Aug 4, 2016

Where's the Beef?

This muscle photo by flickr photographer Deanna Lynne is captioned "Here's the beef."

Gay-positive bodybuilder Kai Greene uses it to sell a muscle mass-building supplement.

The phrase is so universally used for describing massive muscle  that if you aren't a Boomer, you probably don't remember that it started with hamburgers.


In the spring of 1984, a commercial for Wendy's featured three elderly ladies examining a large hamburger bun.  It was large and fluffy, but the burger inside was tiny.  Suddenly one of the ladies blurted out, in a raspy, no-nonsense voice, "Where's the beef?"

80-year old Clara Peller, who had never acted before, became an instant celebrity, and her photo or the phrase soon popped up on everything from t-shirts to coffee mugs to board games.  Radio personality Coyote McCloud released a record where he sang and Clara said her catchphrase.




It became emblematic of the search for substance amid fast talk and flipperies.  During the 1984 presidential race, Democratic candidate Walter Mondale put a copy of his book in a hamburger bun and exclaimed "Here's the beef!"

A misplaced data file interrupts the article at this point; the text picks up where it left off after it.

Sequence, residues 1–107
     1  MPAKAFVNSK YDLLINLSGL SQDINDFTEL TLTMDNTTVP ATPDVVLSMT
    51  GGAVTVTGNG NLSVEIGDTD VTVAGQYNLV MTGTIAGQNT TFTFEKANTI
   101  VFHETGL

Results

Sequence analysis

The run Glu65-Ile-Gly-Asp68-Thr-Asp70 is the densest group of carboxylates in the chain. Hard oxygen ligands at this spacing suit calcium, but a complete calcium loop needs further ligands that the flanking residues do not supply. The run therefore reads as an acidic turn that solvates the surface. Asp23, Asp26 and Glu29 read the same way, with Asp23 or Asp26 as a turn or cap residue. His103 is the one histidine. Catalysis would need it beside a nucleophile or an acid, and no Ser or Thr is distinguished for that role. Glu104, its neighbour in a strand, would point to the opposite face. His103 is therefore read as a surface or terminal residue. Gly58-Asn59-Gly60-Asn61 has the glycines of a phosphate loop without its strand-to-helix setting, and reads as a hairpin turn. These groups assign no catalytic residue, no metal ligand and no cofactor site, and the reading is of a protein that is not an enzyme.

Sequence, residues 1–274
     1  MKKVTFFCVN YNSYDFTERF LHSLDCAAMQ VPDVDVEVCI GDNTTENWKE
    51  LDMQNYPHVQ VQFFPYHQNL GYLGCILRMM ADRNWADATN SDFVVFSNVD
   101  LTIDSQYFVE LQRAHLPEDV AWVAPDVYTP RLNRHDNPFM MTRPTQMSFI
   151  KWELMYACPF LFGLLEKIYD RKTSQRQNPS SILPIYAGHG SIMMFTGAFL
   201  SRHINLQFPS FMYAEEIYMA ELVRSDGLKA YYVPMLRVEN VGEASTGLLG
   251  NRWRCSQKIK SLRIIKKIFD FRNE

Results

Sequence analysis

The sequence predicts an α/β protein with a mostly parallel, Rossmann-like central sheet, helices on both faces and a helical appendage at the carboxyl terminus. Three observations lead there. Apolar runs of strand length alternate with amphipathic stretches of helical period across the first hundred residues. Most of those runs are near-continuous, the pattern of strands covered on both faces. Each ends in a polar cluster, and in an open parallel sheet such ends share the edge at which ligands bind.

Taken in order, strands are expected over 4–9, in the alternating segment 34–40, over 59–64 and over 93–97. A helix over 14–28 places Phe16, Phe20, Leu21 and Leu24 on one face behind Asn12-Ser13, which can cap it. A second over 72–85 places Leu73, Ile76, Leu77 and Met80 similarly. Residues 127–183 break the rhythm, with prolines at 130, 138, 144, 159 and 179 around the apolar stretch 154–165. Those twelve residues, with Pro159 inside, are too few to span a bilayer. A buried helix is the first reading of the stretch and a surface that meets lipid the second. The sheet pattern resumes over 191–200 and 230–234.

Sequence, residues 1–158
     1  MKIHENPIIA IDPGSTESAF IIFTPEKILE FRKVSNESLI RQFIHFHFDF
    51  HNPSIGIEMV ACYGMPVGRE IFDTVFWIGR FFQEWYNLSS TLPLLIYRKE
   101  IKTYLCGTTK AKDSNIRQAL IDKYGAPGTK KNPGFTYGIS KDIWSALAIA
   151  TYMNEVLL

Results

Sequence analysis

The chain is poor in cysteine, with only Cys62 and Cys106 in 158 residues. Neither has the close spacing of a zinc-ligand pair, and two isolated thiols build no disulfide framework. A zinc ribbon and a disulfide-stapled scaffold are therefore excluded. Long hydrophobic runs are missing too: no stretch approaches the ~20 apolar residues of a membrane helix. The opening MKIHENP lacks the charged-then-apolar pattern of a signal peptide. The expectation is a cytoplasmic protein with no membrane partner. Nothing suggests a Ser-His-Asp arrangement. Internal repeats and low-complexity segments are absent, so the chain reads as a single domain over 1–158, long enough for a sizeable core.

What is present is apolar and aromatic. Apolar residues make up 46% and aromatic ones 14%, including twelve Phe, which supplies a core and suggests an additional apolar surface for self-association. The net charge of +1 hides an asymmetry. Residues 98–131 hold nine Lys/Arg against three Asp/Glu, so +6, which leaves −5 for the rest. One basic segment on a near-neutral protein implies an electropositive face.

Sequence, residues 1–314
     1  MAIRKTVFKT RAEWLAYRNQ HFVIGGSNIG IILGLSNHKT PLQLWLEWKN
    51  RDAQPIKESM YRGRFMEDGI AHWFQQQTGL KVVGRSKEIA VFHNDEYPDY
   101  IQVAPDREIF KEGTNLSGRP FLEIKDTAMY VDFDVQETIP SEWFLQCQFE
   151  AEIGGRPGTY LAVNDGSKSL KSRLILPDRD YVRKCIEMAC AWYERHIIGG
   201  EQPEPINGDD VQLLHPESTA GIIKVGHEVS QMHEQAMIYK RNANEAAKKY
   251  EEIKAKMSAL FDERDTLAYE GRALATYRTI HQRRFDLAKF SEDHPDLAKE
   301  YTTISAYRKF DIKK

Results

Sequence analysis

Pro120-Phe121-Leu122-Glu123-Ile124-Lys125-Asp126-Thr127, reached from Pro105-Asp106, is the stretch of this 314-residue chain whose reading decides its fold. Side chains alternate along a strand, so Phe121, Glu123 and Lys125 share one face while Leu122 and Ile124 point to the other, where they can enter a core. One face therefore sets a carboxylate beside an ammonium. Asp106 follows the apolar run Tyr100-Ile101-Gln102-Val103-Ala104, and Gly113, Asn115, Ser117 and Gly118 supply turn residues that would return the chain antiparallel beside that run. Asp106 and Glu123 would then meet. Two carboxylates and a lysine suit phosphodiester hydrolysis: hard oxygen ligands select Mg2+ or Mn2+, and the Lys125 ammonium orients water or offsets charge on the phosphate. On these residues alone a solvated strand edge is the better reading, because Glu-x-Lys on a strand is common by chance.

The "Where's the beef" campaign ended in 1985, but Clara Peller remained a celebrity until her death in 1987.

When I moved to West Hollywood in the summer of 1985, "Here's the beef!" had taken on a new meaning.  Men were using it to brag about their size, both above and beneath the belt (the 1970s era of skin-tight jeans was over, so they needed a new advertising gimmick).

Gay men were buying each other gag gift underwear emblazoned with "Here's the beef", or else the original "Where's the beef?" and a large question mark and a magnifying glass.

See also Homoerotic Hamburger Ads of the 1970s.